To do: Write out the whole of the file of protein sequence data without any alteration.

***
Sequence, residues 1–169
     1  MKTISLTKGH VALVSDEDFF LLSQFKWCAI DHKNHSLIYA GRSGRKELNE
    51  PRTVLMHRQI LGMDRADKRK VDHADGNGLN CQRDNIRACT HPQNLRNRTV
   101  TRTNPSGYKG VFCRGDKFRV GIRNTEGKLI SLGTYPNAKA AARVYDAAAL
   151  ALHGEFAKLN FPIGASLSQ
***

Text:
Sequence, residues 1–169
     1  MKTISLTKGH VALVSDEDFF LLSQFKWCAI DHKNHSLIYA GRSGRKELNE
    51  PRTVLMHRQI LGMDRADKRK VDHADGNGLN CQRDNIRACT HPQNLRNRTV
   101  TRTNPSGYKG VFCRGDKFRV GIRNTEGKLI SLGTYPNAKA AARVYDAAAL
   151  ALHGEFAKLN FPIGASLSQ